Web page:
|Mexican Wolf M1141 at Two Months Old|
M1141 was born at the WCC in 2008, and although an average of 9,000 guests visit the WCC annually, visitors have never seen him. M1141 is among 14 wolves that live off-exhibit within the WCC's 16-acre Endangered Species Facility - a natural environment where these incredibly elusive creatures can reside with minimal human contact. This setting and a strict diet of whole carcass road killed deer safeguards their natural behavior and best prepares them for a wild future.
The Mexican gray wolf or “lobo” (Canis lupus baileyi) is the southernmost and most genetically distinct subspecies of gray wolf in the North America. Once numbering in the thousands, the native species once roamed freely throughout the woodlands of the southwest U.S., and Mexico. Between 1977 and 1980, the last five known wild Mexican wolves in the world were captured in Mexico and used to initiate a captive breeding program.
Mexican wolf reintroduction efforts began fifteen years ago, on March 28, 1998, when 11 captive-reared Mexican gray were released to the wild for the first time in a small portion in the wild southwest. Because the entire existing Mexican wolf population is derived from such a limited founding population, genetic health is the primary consideration governing reproductive pairings and captive-to-wild release events. Both M11411 and his soon-to-be mate have genetic characteristics that will enhance the free-ranging wolf population currently in the wild. "With this release, we are attempting to establish a breeding wolf population in Mexico and also expand the genetic diversity of the wild population,” explained WCC curator Rebecca Bose.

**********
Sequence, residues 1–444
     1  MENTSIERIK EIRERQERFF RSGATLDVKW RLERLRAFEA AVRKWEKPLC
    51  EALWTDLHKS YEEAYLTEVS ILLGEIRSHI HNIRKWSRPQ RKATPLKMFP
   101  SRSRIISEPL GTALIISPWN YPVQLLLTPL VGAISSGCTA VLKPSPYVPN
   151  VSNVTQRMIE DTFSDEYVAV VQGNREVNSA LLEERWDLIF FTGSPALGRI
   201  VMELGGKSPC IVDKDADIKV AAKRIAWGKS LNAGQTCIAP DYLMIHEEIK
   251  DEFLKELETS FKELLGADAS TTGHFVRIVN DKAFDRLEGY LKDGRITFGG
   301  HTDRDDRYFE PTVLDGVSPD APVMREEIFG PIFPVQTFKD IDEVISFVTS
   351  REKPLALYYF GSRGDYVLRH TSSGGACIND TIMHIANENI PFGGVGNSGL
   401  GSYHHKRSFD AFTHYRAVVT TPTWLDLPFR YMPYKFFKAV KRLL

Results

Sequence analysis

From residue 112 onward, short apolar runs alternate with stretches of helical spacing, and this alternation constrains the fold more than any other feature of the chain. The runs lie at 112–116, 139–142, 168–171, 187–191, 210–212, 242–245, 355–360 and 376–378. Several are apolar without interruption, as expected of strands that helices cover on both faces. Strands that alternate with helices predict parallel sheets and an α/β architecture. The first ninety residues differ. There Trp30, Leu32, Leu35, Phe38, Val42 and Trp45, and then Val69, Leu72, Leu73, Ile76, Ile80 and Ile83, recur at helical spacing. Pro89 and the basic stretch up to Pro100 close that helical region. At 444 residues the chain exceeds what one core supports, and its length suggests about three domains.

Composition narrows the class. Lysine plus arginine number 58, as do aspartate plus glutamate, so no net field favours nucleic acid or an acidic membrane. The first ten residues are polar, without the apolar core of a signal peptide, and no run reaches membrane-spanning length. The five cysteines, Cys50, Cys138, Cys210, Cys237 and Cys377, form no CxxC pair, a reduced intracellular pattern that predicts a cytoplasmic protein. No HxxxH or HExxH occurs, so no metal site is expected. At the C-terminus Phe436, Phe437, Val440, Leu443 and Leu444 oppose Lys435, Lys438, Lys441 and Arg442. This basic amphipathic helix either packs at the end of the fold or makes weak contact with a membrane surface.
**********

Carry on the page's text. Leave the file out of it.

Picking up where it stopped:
The Mexican wolf remains one of North America’s most endangered mammals. Currently there are only 2 wild wolves living in Mexico and the end of 2012, only an estimated 75 Mexican wolves remained in the United States. Mexican wolves have struggled for a decade and a half, failing to come close to reaching the Mexican Wolf Recovery Plan's population goal of 100. According to WCC director Maggie Howell, "Artificial boundaries, state politics, illegal killings and USFWS's designation of all wild lobos as an 'experimental, nonessential' population, have put recovery in a choke-hold. So the release of these two lobos is an exciting step in the right direction! We're all incredibly honored to be able to help these wolves resume their rightful place in the wild."
The wolf pair will not remain in New Mexico long, in coming weeks they'll be transferred to their final stop before receiving the "call of the wild," a pre-release facility in Mexico, Rancho La Mesa. M1141 is the third Mexican wolf from the WCC to be chosen for release into the wild.